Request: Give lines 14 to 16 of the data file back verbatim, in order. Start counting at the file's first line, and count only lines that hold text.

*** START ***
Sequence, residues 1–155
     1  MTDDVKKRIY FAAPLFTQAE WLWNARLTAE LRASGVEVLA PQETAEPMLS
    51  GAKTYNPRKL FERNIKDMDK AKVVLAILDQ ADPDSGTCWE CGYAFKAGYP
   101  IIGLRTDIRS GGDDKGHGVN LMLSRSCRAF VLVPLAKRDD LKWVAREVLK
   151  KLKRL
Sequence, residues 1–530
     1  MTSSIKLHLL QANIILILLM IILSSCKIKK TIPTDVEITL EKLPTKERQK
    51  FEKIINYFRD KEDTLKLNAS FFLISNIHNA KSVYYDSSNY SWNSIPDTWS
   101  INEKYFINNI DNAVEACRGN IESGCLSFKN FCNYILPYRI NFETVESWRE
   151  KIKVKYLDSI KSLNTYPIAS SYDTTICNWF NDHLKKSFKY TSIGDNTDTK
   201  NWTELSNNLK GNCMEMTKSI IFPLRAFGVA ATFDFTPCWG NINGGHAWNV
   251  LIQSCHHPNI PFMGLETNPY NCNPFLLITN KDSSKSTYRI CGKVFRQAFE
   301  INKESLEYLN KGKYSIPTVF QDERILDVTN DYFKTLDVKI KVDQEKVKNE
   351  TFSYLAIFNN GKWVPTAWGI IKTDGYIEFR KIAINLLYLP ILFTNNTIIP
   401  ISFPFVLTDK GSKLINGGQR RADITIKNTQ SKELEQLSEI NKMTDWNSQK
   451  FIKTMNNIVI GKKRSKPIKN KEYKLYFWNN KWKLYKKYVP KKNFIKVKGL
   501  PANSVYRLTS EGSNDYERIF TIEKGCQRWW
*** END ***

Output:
   351  TFSYLAIFNN GKWVPTAWGI IKTDGYIEFR KIAINLLYLP ILFTNNTIIP
   401  ISFPFVLTDK GSKLINGGQR RADITIKNTQ SKELEQLSEI NKMTDWNSQK
   451  FIKTMNNIVI GKKRSKPIKN KEYKLYFWNN KWKLYKKYVP KKNFIKVKGL